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rantnrave:// NBA players and coaches have become outspoken critics of President Trump. Six Patriots (so far) won't visit the White House after winning the Super Bowl. But baseball players have been largely silent. Why? ESPN's Jayson Stark dives into that not-so-simple question. He suggests players and executives in a league that once proudly housed Jackie Robinson are now risk-averse -- too worried about upsetting clubhouse peace to speak out. That includes Latin Americans, who constitute a significant portion of MLB's population, and who you might expect to have good reason to speak out. One point not raised: MLB is largely conservative. When baseball players have made waves recently with political statements, it has been with a rightward lean. What if there's no public criticism now because players don't see anything to criticize? ... While athletes are sometimes scolded for not sticking to sports, college coaches face a different criticism: focusing too much on the game and too little on preparing their players for the real world. So it's notable that Michigan football coach Jim Harbaugh tweeted his displeasure that the White House might defund the Legal Services Corporation. Harbaugh is arguably the most famous man in a state Trump won. Will he blaze a path for his risk-averse colleagues? It's doubtful. Harbaugh may be as influential as he is controversial, but few other NCAA coaches enjoy his job stability. ... We'll all be replaced by robots someday, even NBA players. ... How to go a Cubs game this season without taking out a mortgage. ... For $35 a month, you can soon get Google's YouTubeTV skinny bundle, ESPN included. ... Which NBA player should be the next to get his own signature shoe? I'm partial to Giannis Antetokounmpo, a player so freakish and unique he shouldn't be wearing someone else's footwear. ... UConn women's basketball is must-see TV ... A day later, North Carolina lawmakers are stripping HB-112 of the provision allowing parents to let their concussed kids back into the game.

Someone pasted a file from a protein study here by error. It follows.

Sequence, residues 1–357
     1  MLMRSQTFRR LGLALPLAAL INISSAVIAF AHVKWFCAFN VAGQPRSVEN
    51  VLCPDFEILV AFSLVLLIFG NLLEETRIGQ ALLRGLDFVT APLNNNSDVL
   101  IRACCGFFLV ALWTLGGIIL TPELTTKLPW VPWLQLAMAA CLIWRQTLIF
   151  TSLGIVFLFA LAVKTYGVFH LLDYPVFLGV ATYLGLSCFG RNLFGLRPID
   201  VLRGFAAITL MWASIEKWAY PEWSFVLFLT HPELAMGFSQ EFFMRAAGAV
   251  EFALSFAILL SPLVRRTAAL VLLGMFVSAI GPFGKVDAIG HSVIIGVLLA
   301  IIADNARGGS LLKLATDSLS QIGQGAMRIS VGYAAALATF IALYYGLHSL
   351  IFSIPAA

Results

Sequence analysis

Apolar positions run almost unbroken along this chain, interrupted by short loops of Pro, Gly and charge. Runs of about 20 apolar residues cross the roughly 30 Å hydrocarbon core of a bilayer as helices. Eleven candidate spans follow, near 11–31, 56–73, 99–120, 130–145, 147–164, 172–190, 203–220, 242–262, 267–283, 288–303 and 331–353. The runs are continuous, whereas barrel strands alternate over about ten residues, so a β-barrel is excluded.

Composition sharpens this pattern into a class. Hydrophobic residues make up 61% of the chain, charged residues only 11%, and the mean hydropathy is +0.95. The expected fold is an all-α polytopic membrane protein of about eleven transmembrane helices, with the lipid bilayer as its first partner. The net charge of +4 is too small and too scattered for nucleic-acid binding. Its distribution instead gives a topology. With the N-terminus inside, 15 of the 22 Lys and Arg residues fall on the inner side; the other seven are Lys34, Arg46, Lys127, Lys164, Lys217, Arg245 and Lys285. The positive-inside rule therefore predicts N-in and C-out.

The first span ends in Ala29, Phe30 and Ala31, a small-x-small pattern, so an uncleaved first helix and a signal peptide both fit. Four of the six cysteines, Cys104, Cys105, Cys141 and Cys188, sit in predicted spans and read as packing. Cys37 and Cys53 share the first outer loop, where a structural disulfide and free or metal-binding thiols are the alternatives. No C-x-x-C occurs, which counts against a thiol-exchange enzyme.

MLB's schedule, nature, and culture work against its players developing into superstars.
Ted Berg | For The Win
The former All-Star and NBA Finals MVP wants to ensure his financial future -- and make sure no other athlete goes bankrupt.
Daniel Terdiman | Fast Company
To those who remember Hayward's Mahershala Ali's time on the basketball court, it's fitting he won the Oscar for best supporting actor Sunday for his role in "Moonlight."
Jon Becker | Mercury News
Miguel Aguilar never wanted to leave Mexico.
Kevin Baxter | Los Angeles Times
Makda Ghebreslassie | CBC
"It's not enough to be smart. You have to be curious."
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